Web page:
I’m really excited to debut my first WordCamp keynote this coming weekend at the illustrious WordCamp Philly! I’m presenting a remix of a my WordCamp Connecticut talk, “How I convinced my boss to let me work on WordPress full-time”, arguing for personal and company investment in open source. I’ll look at how and why teams like 10up donate back to the community, and offer ways that attendees can give back, too.
Autocomplete is not a new concept in the WordPress admin – tags have had suggestions powered by suggest.js since their introduction six years ago in version 2.5. This, however, remained the only instance of Ajax-powered autocompletion for another four years, until adding users in multisite was enhanced with jQuery UI autocomplete for 3.4. It was originally committed with deliberately unpolished styling, so when I saw a request to make it look better, I decided to take it on. I may not consider myself a creative designer, but I do have an eye and passion for UI consistency. After a little iteration on both the design and code, we had a fully functional instance of autocomplete.
Howdy, Austin! I’m going to be in town for your upcoming WordPress Meetup on Tuesday, February 25. I’ll be at Opal Divine’s Penn Field from 5 until 7 PM for the “WordPress.org Happy Hour”, along with some other members of the WordPress core team and the Automattic “dot org” team. Check out more details over on Meetup, and come find me if you want to talk contributing or 10up!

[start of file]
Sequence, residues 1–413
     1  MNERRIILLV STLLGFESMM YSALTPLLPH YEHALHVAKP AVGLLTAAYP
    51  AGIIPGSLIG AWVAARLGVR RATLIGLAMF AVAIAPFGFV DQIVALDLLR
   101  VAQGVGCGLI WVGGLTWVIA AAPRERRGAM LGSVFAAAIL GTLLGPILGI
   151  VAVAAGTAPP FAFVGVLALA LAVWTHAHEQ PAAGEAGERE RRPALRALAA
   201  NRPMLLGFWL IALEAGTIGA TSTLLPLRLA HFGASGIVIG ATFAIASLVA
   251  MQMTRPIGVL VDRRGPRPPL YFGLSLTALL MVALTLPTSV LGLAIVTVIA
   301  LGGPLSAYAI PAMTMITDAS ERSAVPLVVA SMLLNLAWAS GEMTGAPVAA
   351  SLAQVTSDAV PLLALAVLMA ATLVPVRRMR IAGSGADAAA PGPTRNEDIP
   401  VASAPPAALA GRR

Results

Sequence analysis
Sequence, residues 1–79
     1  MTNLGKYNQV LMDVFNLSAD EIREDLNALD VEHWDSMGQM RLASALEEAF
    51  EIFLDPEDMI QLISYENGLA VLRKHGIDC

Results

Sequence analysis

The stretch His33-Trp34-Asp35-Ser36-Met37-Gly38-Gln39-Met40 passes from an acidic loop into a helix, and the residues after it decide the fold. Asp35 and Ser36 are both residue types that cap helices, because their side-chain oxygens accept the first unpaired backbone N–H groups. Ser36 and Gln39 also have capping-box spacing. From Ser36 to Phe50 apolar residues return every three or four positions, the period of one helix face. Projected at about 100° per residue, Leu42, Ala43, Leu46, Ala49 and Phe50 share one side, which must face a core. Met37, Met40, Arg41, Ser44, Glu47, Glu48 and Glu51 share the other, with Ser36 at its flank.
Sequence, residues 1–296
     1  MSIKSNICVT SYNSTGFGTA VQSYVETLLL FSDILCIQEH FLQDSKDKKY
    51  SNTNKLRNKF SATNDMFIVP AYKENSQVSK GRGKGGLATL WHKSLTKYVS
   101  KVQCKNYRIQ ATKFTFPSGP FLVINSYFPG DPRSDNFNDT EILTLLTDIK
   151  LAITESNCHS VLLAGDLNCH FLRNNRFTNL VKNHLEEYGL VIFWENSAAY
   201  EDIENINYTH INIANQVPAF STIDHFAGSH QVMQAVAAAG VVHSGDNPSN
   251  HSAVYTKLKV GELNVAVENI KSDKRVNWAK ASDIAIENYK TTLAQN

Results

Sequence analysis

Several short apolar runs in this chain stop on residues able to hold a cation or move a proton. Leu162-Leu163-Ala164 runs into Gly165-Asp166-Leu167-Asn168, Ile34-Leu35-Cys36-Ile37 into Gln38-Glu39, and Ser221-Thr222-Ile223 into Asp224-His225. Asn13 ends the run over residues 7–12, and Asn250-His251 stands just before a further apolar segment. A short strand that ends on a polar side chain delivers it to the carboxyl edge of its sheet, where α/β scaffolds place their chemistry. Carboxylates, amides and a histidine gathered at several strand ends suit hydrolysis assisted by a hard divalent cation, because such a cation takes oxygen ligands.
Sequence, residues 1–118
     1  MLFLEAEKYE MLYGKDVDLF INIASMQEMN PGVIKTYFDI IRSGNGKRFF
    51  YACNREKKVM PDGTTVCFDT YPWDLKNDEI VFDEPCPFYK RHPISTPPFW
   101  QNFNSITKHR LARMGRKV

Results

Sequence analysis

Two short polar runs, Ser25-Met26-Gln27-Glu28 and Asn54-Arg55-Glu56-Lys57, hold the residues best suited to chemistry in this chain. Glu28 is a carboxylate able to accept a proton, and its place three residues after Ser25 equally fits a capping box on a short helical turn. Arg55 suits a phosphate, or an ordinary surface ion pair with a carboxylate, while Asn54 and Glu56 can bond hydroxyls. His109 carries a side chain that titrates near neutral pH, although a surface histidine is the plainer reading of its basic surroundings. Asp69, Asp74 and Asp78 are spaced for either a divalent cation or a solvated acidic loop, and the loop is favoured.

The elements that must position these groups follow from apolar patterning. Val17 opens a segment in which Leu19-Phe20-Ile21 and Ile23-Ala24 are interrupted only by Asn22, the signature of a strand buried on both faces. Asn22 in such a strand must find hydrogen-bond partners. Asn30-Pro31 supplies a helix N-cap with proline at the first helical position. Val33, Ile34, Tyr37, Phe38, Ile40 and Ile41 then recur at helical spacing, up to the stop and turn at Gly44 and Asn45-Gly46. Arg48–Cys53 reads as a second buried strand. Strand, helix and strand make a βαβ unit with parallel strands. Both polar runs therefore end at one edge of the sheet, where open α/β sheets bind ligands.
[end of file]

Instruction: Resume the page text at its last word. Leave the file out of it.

After the excitement of the 3.8 release and a typically quiet winter holiday season, it’s time to start in earnest on WordPress 3.9. This is a particularly exciting release for me: after three cycles of being a guest committer, I’ve been granted permanent commit access to core. My goal is to continue to inform and build the admin experience, provide feedback on community contributions, and bring perspectives from real-world client implementation back to our favorite publishing platform. I’m honored to join these trusted ranks!